The No-Nonsense Guide To Tiny House Flooring Options [Complete Guide]

Tiny homes are much easier to build than a traditional house, but they still offer their fair share of unique problems.

One of those is how to choose the best flooring for a tiny home. After all, a lot of tiny homes move around and experience conditions a regular house just doesn’t see.

Read on to find out more about the tiny house flooring options available to you and what I think is the one that will serve you best in most situations.

What to Look for in Tiny House Flooring Options

While tiny homes share some needs with regular houses, they also have requirements all their own, so it is important to know what features to look for when making a decision.

That’s what you’ll find in this article.

After years and years of experience experimenting with the multitude of tiny house flooring options, I have came up with a list of the most important features a well-made tiny house floor needs

All of which I explain below. 

Tiny House Flooring Need #1: Durability

With any kind of flooring, the ability to resist scratches, gouges, and other types of surface damage is important. For tiny house purposes, flooring durability doesn’t just apply to the surface strength. 

This is especially true in tiny homes on wheels (THOWs). THOWs move around, sometimes frequently, and need the resilience to handle bumps, bounces, and the vibration of the road.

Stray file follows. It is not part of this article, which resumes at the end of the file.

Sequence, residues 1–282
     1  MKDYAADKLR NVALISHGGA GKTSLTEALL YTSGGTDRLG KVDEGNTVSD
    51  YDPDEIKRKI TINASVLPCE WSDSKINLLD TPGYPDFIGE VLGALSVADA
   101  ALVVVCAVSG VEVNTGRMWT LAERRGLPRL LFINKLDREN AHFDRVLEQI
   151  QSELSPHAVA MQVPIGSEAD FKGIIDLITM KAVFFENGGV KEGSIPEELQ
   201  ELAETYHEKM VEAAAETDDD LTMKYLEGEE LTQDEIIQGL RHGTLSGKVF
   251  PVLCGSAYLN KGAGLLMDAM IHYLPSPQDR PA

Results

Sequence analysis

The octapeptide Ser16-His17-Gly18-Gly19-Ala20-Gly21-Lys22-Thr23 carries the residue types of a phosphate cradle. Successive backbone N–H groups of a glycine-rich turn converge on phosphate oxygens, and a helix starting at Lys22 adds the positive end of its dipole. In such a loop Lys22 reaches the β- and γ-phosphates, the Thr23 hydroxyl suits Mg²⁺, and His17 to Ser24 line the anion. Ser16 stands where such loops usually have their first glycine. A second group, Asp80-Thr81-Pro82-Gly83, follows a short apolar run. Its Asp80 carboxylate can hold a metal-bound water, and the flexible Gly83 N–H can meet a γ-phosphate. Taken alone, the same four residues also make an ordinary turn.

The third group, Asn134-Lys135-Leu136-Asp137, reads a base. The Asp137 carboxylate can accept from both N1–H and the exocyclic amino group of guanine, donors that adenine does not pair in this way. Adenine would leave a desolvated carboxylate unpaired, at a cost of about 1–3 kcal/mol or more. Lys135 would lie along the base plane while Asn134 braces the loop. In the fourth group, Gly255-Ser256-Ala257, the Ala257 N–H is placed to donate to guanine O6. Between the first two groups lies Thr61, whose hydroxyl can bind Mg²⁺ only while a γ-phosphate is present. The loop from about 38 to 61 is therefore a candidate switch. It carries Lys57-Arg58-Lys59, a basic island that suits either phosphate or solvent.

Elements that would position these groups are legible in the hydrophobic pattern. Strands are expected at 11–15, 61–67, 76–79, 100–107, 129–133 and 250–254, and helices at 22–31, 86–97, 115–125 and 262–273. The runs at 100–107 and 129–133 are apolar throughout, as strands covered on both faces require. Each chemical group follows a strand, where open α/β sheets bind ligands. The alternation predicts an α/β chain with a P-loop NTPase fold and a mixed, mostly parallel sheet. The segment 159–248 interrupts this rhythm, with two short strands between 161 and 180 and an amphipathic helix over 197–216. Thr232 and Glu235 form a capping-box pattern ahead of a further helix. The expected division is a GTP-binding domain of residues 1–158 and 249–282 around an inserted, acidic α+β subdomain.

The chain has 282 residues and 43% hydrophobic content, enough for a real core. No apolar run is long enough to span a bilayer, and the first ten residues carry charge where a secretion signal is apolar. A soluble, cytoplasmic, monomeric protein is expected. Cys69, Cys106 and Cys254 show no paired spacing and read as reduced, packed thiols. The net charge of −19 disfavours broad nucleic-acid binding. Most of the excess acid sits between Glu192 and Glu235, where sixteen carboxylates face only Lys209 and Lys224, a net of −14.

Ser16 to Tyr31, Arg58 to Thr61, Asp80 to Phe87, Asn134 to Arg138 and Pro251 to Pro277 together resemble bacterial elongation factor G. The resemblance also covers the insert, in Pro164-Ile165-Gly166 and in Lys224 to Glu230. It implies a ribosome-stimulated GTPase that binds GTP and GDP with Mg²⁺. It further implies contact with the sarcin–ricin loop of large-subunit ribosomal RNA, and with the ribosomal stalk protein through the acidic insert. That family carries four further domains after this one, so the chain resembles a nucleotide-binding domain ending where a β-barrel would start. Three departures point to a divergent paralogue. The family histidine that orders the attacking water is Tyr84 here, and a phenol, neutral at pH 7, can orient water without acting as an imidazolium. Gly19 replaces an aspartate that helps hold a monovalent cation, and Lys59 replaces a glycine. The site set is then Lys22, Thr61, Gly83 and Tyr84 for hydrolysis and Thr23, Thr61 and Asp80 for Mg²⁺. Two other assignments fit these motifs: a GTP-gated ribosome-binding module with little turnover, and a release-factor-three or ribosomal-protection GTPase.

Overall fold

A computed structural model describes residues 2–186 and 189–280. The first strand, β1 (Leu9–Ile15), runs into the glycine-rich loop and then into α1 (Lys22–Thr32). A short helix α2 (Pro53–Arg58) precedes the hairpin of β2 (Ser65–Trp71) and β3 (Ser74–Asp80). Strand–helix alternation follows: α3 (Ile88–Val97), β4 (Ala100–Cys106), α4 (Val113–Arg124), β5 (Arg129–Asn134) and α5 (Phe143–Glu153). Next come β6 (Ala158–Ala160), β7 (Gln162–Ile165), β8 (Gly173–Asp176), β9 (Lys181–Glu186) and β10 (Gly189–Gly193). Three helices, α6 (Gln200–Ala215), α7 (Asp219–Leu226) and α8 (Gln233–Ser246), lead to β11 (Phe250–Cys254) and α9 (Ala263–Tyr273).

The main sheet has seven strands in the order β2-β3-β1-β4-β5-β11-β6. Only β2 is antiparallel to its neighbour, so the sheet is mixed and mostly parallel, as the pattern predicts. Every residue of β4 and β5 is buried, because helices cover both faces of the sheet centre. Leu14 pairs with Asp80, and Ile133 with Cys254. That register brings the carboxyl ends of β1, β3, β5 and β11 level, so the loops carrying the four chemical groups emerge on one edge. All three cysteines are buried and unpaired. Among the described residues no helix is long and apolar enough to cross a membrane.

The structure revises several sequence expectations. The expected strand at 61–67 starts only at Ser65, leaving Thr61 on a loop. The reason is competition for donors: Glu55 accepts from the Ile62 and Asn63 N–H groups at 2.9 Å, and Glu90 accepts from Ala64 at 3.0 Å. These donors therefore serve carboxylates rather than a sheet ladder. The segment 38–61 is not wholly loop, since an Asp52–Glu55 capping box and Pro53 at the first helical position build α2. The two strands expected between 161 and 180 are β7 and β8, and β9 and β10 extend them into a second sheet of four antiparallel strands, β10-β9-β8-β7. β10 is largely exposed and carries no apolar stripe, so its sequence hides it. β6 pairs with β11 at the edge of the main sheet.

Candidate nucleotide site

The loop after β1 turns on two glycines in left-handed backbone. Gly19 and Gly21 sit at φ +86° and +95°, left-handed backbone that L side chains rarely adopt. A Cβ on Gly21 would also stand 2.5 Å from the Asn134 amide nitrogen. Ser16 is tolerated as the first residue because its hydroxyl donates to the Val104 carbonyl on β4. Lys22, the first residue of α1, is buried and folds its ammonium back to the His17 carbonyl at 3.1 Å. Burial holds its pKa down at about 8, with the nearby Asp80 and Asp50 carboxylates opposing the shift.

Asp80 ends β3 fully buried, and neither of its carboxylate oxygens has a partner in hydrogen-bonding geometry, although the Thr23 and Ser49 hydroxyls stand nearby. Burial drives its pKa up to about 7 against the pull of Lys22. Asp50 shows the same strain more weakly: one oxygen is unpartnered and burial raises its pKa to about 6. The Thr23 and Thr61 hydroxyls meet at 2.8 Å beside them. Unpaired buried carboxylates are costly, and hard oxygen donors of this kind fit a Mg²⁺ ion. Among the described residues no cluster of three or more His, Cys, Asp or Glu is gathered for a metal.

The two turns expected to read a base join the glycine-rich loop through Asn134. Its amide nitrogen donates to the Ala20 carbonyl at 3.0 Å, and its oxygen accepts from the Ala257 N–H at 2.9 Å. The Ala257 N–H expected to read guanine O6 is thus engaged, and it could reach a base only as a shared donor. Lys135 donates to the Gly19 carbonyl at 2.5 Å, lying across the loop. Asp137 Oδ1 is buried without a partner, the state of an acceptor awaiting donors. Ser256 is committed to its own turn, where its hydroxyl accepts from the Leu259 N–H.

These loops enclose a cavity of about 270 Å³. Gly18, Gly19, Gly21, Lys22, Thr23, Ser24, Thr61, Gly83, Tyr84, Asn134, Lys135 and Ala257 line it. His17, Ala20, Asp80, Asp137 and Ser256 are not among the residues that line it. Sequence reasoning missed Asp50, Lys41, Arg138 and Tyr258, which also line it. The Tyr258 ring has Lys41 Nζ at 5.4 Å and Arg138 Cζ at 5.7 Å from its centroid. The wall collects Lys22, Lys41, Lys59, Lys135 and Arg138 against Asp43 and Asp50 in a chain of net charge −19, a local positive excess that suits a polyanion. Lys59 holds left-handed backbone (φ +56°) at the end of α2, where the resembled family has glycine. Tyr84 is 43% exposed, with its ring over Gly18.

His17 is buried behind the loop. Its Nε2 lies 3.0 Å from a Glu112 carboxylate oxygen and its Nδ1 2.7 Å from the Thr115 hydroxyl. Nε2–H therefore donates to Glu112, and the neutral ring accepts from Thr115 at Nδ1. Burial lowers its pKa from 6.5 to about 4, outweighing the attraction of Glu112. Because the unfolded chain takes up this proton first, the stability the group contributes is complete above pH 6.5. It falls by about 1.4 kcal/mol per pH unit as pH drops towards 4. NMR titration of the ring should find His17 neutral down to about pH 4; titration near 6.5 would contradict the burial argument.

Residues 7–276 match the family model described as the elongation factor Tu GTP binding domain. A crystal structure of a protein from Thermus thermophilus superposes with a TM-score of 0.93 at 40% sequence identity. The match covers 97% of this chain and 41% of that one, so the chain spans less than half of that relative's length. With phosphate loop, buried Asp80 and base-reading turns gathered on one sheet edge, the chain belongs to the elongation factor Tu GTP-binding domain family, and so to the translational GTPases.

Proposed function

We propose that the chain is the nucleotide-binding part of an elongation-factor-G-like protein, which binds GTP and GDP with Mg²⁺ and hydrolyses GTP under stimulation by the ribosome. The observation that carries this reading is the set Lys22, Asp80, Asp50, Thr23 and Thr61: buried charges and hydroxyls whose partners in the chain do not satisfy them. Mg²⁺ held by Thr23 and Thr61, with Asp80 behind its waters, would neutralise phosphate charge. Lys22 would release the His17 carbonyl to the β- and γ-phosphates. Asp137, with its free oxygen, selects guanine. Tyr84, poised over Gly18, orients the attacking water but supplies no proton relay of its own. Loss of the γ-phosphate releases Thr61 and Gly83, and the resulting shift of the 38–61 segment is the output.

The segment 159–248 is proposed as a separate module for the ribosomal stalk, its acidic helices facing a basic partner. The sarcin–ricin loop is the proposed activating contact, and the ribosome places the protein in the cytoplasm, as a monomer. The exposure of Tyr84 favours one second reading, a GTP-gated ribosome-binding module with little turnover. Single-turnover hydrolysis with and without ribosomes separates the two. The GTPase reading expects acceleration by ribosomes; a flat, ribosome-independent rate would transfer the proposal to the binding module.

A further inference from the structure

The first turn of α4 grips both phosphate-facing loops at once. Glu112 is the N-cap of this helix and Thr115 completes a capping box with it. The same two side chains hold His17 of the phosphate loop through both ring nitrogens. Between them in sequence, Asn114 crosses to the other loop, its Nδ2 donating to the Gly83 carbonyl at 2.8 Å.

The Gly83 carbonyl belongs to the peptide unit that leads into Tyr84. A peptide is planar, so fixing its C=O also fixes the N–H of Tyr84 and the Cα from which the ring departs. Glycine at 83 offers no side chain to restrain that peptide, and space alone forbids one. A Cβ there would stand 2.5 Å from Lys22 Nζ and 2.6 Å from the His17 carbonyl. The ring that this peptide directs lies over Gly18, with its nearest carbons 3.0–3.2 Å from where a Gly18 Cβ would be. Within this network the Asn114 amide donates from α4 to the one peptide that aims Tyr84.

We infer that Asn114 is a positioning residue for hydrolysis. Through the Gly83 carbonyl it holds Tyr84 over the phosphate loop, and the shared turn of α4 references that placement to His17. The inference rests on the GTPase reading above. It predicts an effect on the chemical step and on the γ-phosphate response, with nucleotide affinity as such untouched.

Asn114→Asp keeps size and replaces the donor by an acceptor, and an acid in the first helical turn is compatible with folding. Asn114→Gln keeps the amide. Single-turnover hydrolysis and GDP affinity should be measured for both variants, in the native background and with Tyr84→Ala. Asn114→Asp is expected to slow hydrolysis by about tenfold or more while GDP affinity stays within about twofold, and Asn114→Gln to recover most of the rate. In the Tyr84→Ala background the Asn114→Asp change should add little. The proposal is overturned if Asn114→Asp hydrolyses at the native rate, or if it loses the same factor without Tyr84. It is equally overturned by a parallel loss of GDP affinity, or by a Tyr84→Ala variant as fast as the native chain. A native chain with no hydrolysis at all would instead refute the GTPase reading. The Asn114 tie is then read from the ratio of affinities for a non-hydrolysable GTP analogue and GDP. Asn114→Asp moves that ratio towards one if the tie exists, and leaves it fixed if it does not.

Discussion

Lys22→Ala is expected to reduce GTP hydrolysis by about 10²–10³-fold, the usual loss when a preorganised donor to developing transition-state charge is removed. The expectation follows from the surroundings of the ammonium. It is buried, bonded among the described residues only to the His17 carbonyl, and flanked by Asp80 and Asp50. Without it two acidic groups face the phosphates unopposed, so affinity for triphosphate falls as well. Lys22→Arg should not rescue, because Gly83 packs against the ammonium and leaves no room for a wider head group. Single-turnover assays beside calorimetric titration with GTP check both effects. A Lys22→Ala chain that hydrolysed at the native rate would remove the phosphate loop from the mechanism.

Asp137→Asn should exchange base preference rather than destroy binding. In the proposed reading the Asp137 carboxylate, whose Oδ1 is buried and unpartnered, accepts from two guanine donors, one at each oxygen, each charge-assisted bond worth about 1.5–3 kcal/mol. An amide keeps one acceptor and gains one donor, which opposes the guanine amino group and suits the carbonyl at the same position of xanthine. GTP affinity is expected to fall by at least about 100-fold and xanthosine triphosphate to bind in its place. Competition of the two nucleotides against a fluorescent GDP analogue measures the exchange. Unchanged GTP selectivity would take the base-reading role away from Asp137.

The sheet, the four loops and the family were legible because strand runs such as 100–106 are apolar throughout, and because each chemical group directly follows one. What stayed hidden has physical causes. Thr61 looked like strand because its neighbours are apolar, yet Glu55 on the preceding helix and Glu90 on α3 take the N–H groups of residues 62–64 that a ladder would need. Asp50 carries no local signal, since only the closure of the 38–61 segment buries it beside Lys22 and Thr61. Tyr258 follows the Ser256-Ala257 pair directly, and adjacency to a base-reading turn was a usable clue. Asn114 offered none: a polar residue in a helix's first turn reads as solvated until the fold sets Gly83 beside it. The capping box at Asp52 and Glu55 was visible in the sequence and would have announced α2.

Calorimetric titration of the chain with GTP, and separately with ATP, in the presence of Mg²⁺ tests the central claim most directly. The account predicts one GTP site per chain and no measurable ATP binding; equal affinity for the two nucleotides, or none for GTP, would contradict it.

Floorings such as tile or other rigid materials are completely out for this reason. The last thing you want is to open up your door and see cracks spreading across your floor.

Instead, look for a flooring material that’s able to shift and bend a little without suffering damage.

Tiny House Flooring Need #2: Water Resistance 

As with everything in a tiny house, I recommend you take water resistance into account. Dealing with swelled or water damaged flooring can be a serious undertaking

It is much better to think about this from the very beginning and choose a flooring option that offers the best water resistance possible.

Tiny House Flooring Need #3: Installation

If you’re planning to self-build your tiny home, you’ll want your flooring to be as easy as possible to install. Some types of flooring need to be tacked down, glued down, or even nailed into place.

All of that takes time, equipment, and know-how.

Newer tiny house flooring options are much easier to work with. Some of the best solutions use tongue-and-groove systems that let you set them right in place without any attachments.

Tiny House Flooring Need #3: Ease of Cleaning 

One of the biggest benefits of a tiny home is how easy they are to clean. One important part of that is choosing building materials that don’t require a complicated cleaning process or extra gear.

I’m a big fan of floors that you can sweep and quickly wipe down. Especially if it doesn’t require specialized cleaning chemicals that won’t damage the finish.

Tiny House Flooring Need #4: Material Origin and Sustainability

A lot of tiny house enthusiasts are looking for ways to minimize their carbon footprint and get back in touch with nature. The origin of a type of flooring and how it’s manufactured can be a pretty major factor for them.

Synthetic flooring is often made using petrochemical materials and other synthetic products. As a result, they often have a higher carbon footprint because of this, and many people are concerned about their potential to off-gas harmful substances.

Like a lot of things, the truth is complicated.

Studies have shown that nearly all types of modern flooring, including carpet, vinyl, laminate, and even natural hardwood, can emit VOCs (Volatile Organic Compounds).